My grandfather drank Jameson’s Irish Whiskey. He is buried with a bottle of it. Shush, maybe I wasn’t supposed to tell you that. At his wake, my cousin and I, both in our early twenties, were confined to the scullery and charged with making sandwiches and endless pots of tea. There was only room for the pair of us in the tiny kitchen so we had to work hard to keep the mourners fed and watered but we found strength and comfort in the bottle of Jameson that my uncle slipped to us. We laughed a lot and maybe cried a bit but, overall, it is one of my warmest memories. I think that’s how a good wake should go.
We live twenty minutes from the Jameson Distillery where ALL the Jameson is made but we had never done the distillery tour. Hard to believe, isn’t it? Are we mad? Last weekend, in celebration of Husband’s birthday, we set out to remedy this appalling situation.
I warn you, whether it’s down to the fumes in the air or my growing sense of anticipation about the whiskey-tasting finale, the photos get blurrier as we go along.
Neither a spaceship, as the Small Girl thought, nor a gigantic Christmas bauble, as Teenage Son suggested, this is the top of a copper pot-still. Every garden should have one.
The tour is held in the old distillery building where Jameson was made until 1975 when a new facility was built in the next field.
Have you the slightest interest in the technicalities? The tour guide was a fascinating man who made the whole process of whiskey-making seem wildly exciting. Again, that might have been the fumes getting to me.
Did you know that American Bourbon is made with corn (maize) making it sweeter than Irish whiskey which is made with barley? I didn’t. The barley is soaked and laid out on the malting room floors where it is encouraged to germinate. After a couple of days, germination is stopped by lighting huge fires at the bottom of the malting house. Irish whiskey makers traditionally burned anthracite in closed furnaces. Scotch whiskey makers, by contrast, burned peat in open pits so that the smoke imparted a peaty, smoky flavour to the finished drink.
These are the fabulous shoes worn by the workers who had to walk around the scorching hot malting rooms:
And here, my friends, is the biggest pot-still in the world:
For scale, notice the man’s head on the left.
The big still has been retired but here, just two weeks old, is a wee baby micro-distillery. This is where the master distiller plans to test new recipes. Jameson is triple-distilled, meaning the original yeasty ‘beer’ goes through each of these stills, each time becoming purer and more alcoholic.
Onwards to the cooperage. The regulations on Bourbon production stipulate that it be aged in virgin oak casks for a minimum of one year. That leaves bourbon producers with a whole stack of used casks.Irish whiskey must, by law, be aged for a minimum of three years. Second-hand casks are not just a bonus, but a requirement. Jameson purchase 260,000 empty bourbon casks every year and re-fill them with whiskey. This imparts Jameson with a touch of the sweetness of bourbon.They also use casks which have previously been used to age Oloroso sherry and Bordeaux wine which bring distinctive fruity notes. The resulting whiskeys are blended to make the various Jameson varieties like Green Spot and Redbreast.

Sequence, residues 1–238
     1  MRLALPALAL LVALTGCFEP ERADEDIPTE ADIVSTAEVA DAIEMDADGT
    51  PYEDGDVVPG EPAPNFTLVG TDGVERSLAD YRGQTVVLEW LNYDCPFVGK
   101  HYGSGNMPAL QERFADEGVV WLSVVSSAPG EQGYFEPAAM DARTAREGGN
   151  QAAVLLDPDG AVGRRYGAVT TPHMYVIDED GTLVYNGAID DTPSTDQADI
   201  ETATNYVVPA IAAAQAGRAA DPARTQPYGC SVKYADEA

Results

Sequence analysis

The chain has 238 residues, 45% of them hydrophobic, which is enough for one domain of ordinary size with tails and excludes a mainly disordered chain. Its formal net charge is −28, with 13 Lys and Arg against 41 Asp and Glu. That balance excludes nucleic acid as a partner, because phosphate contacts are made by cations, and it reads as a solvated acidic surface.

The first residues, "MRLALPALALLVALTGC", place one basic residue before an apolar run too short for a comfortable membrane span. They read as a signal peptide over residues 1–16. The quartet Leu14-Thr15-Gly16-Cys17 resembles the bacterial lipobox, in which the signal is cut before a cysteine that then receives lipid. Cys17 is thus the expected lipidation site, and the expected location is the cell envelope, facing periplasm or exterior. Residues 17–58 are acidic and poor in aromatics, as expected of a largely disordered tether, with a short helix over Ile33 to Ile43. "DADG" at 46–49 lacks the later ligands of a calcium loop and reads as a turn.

No photographs are allowed in the magnificent cathedral of aging casks because the air is loaded with sufficient alcohol fumes to make explosion a real risk. The volume lost is known as The Angel’s Share and the fuzziness of this next photo is testament to its potency. Woah, man, that was good.
Jameson estimate that the first 70 barrels filled every morning just replenish what was lost to the angels the previous day. Lucky angels.
Here is a sneaky peek, through glass, into the room of privately owned casks. These are valued at somewhere in the region of 75,000 euros each.
Shall we retire to the bar? How’s this for a welcome?
Want a closer look?
Here we have whiskey by Johnny Walker, John Jameson and Jack Daniels. Woops, Are those empty? What a negligent blogger am I?
The scotch was noticeably peaty and the bourbon was noticeably sweeter. The Jameson was the best. They paid me to say that. In whiskey. (no they didn’t…)
There are plenty more to taste another day… any volunteers?
We wandered around, slightly tipsy, just admiring the place. This was the Master Distiller’s cottage. Completely perfect.
This is the Irish Distiller’s Academy. Downstairs holds teaching laboratories with table-top distillation columns and the like. Upstairs, we were told (not shown) is more like an exclusive club with a private bar and dining-room.
The building in the background houses the huge distillation columns of the new distillery.
Fancy a drink? You can pour your own personalised bottle of cask strength (60.2 %!) distiller’s reserve for 100 euros.
If you like it, you could buy enough bottles to make this chandelier.
Or, if you have a care for your liver, you could buy just one bottle of 40-something-year-old whiskey for 4000 euros. This would have been made in the old distillery in that record-breaking copper still.
Heck, go mad, buy a truck load.
We didn’t go that mad. We came home with just one bottle of 12-year-old Redbreast.
You can kind of tell we are not quite sober in this photo:
I admit, I was fairly sozzled. But happy. And happy to have someone to lean against.
Happy Birthday, my love. Can we have the same again next year?